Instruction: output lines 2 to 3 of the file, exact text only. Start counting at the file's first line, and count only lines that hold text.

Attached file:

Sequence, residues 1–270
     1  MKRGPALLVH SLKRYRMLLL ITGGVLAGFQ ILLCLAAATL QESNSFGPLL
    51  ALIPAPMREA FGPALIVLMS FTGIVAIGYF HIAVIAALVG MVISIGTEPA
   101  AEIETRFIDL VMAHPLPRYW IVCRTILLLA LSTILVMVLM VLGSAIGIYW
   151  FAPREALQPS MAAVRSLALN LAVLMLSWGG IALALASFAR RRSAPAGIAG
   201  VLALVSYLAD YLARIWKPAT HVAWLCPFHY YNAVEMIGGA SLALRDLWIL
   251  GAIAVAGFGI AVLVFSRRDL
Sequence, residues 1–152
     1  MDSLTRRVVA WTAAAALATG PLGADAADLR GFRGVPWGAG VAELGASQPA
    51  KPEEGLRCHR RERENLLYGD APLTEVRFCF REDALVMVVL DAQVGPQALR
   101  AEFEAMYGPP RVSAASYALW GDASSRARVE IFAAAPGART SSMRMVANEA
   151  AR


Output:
     1  MKRGPALLVH SLKRYRMLLL ITGGVLAGFQ ILLCLAAATL QESNSFGPLL
    51  ALIPAPMREA FGPALIVLMS FTGIVAIGYF HIAVIAALVG MVISIGTEPA